lame --preset standard [input.wav] [output.mp3]

For example, if your audio file is called "filename" then you'd put in the following:

         lame --preset standard filename.wav filename.mp3

OPTIONAL: You can name the output differently. Also, you can use other wav to mp3 tool, or even use other options in the lame command. NOTE: The --preset standard will give you a VBR file, so if you want a CBR file, just change the preset to --preset cbr [kbps], where [kbps] is the Constant Bit Rate desired.
  • Now we have to merge the sound with the video, so run the rvf_mux tool found in the packet you've downloaded, using the format:

        rvf_mux [videoinput.rvf] [audioinput.mp3] [output.rvf]

For example, if your video file from step 6 is called "filename.rvf" and the audio file from step 7 is called "filename.wav" then you'd put in the following:

        rvf_mux filename.rvf filename.mp3 filename_av.rvf

NOTE: You can use any name for the output file, but it's recomended that the name is not the same name used in the input video file.
  • Copy the .rvf output to your jukebox, load up a recent daily build and plugins, and kick back and watch the movie!

How To Convert Most Videos to RVF (Linux)

Credits go to Brian King's original email here:

What you need:

Converting the movie

Obviously change filenames accordingly

  1. transcode -i original.avi -z -Z 112x64 --export_asr 0.8 -y ffmpeg,null -F mjpeg -o rock.avi
    Take a look at the line that says "encoding fps". If this is 29.97 (ntsc) don't worry, but if it's anything else (like 25 for PAL) you'll need it later. the -y ,null line doesn't export audio because this didn't work me for some reason (we'll do it in the next step). If you don't have ffmpeg, you can use transcode's own library - replace "-y ffmpeg,null -F mjpeg" with "-y mjpeg,null".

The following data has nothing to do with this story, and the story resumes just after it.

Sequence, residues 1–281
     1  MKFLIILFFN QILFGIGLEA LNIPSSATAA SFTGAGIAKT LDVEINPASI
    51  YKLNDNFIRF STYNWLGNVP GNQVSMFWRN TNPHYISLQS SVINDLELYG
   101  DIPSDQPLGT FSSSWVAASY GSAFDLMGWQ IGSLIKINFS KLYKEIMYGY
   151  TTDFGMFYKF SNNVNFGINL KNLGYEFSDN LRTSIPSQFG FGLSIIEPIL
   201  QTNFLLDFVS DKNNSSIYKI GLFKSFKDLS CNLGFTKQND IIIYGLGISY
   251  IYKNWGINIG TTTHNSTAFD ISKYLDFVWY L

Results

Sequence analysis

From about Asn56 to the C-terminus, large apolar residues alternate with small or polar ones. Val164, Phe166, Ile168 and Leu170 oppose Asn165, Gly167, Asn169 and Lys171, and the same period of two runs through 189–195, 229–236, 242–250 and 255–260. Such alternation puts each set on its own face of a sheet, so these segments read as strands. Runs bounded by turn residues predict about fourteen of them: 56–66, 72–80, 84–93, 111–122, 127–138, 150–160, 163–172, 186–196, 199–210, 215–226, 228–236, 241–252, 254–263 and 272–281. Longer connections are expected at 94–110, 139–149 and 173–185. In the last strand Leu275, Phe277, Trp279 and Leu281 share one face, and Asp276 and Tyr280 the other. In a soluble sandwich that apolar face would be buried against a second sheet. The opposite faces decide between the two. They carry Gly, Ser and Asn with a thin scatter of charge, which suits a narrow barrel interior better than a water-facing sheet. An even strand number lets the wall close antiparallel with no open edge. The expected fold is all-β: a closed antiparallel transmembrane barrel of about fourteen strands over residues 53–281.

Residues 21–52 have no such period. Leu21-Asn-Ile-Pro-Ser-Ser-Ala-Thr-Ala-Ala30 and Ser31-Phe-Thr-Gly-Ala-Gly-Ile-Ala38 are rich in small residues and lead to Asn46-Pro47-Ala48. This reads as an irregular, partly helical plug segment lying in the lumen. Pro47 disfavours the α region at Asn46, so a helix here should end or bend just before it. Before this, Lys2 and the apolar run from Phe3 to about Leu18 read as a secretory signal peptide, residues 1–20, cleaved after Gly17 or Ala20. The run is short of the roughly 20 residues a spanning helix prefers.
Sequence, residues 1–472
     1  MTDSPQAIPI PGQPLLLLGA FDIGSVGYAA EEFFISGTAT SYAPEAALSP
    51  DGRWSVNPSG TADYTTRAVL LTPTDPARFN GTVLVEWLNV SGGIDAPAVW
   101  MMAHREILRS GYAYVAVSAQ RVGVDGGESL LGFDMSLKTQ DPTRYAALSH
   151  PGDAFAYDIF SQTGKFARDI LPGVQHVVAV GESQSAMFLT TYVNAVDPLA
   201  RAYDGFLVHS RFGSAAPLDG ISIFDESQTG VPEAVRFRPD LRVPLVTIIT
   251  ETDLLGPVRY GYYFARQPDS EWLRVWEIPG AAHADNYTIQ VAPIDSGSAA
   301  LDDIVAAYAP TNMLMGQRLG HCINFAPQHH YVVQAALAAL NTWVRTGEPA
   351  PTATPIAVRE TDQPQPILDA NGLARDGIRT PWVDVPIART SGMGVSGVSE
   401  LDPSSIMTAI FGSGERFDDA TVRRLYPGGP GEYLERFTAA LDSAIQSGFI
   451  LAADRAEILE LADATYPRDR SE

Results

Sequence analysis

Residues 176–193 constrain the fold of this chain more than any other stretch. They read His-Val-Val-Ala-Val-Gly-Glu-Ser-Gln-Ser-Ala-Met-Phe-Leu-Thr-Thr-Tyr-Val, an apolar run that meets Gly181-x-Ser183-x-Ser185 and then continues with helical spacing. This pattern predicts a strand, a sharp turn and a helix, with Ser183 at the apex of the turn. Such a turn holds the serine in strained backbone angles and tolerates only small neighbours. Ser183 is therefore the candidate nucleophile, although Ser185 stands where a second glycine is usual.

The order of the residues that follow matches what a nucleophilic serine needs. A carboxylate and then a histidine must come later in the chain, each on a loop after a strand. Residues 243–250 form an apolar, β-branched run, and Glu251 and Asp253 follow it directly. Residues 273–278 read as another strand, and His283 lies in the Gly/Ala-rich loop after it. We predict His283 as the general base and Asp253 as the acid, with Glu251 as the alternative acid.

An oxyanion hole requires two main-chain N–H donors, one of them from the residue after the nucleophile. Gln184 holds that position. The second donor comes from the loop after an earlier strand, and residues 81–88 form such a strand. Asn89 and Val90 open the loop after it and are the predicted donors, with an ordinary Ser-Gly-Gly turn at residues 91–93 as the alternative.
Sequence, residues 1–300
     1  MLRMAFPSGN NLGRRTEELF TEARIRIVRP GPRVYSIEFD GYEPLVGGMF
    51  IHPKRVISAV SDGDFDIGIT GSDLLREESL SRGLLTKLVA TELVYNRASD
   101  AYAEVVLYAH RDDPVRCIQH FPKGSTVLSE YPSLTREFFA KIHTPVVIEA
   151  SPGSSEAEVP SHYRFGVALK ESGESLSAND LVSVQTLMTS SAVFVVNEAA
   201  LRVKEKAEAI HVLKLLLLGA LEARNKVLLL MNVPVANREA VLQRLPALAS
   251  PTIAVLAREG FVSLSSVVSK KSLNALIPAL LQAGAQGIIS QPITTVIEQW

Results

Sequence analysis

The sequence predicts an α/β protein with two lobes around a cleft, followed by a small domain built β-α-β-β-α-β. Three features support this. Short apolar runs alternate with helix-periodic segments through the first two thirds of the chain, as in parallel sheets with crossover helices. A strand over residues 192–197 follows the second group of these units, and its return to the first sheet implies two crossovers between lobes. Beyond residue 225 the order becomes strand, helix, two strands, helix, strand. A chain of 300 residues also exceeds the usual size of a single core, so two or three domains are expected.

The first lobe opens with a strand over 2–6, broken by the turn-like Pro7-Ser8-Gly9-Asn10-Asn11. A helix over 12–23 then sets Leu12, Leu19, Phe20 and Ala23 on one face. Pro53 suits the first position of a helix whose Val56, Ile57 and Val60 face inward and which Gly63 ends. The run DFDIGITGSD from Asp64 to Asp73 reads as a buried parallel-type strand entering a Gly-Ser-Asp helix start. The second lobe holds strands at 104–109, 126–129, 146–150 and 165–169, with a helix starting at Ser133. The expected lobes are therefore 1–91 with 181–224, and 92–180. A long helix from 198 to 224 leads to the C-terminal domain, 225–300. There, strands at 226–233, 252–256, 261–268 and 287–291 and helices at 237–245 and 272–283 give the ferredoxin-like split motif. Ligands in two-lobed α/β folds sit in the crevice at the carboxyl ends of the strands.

2. tcextract -i original.avi -x mp3 > rock.mp3
    This extracts just the audio from the movie, it's part of the transcode package.

  3. avi2yuv rock.avi > rock.yuv

  4. halftone rock.yuv rock.rvf
    Add "-movie_fps 25" to the end of the line if you need to as per #1.

  5. rvf_mux rock.rvf rock.mp3 rock_av.mp3

You can then obviously delete rock.{avi,yuv,mp3} and place/rename rock_av.rvf on your jukebox. Good luck!

Compiling halftone.c

Compile it including the math library, else it would be missing the pow() function:

   gcc -o halftone halftone.c -lm

Somebody before was missing the -lm and hand-coded the function like this:

   double pow(double base, double exp) {
     double i, ret=base;
     for (i = 0; i < exp; i++)
       ret = ret * base;
     return ret;

Which is wrong, since it works only with integer exponents. pow() is used for gamma correction, a non-integer exponent.

Sample Clips

Some video clips can be found here:


Video tools, player: JoergHohensohn

Tutorial: ZakkRoberts, GadiCohen
  • make_rvf: a very simple script to simplify the conversion

I Attachment Action Size Date Who Comment
halftone.zipzip manage 4.5 K 30 May 2005 - 20:15 JoergHohensohn source code for the video converter
make_rvfEXT make_rvf manage 0.8 K 26 Sep 2004 - 14:08 GadiCohen a very simple script to simplify the conversion
rvf_mux.zipzip manage 9.7 K 30 May 2005 - 20:16 JoergHohensohn source code for the audio+video multiplexer
tools.zipzip manage 118.5 K 30 May 2005 - 17:52 JoergHohensohn the command line tools (Win32 compiled)
r17 - 02 Apr 2021 - 20:46:07 - UnknownUser

Parents: DocsIndex